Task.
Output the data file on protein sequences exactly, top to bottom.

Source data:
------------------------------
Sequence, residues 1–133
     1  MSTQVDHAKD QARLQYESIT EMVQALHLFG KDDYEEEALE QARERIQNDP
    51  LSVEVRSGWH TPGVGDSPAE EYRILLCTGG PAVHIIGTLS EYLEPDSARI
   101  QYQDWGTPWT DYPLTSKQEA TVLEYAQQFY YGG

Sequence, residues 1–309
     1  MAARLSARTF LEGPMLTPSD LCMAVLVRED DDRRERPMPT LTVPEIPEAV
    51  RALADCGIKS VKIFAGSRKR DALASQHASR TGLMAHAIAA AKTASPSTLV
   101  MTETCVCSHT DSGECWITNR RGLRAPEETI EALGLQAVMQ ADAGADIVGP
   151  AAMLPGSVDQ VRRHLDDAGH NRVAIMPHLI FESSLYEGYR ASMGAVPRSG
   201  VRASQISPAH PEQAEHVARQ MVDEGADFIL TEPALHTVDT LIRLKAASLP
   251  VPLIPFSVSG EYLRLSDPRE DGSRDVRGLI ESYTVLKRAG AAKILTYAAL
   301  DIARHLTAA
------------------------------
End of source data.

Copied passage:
Sequence, residues 1–133
     1  MSTQVDHAKD QARLQYESIT EMVQALHLFG KDDYEEEALE QARERIQNDP
    51  LSVEVRSGWH TPGVGDSPAE EYRILLCTGG PAVHIIGTLS EYLEPDSARI
   101  QYQDWGTPWT DYPLTSKQEA TVLEYAQQFY YGG

Sequence, residues 1–309
     1  MAARLSARTF LEGPMLTPSD LCMAVLVRED DDRRERPMPT LTVPEIPEAV
    51  RALADCGIKS VKIFAGSRKR DALASQHASR TGLMAHAIAA AKTASPSTLV
   101  MTETCVCSHT DSGECWITNR RGLRAPEETI EALGLQAVMQ ADAGADIVGP
   151  AAMLPGSVDQ VRRHLDDAGH NRVAIMPHLI FESSLYEGYR ASMGAVPRSG
   201  VRASQISPAH PEQAEHVARQ MVDEGADFIL TEPALHTVDT LIRLKAASLP
   251  VPLIPFSVSG EYLRLSDPRE DGSRDVRGLI ESYTVLKRAG AAKILTYAAL
   301  DIARHLTAA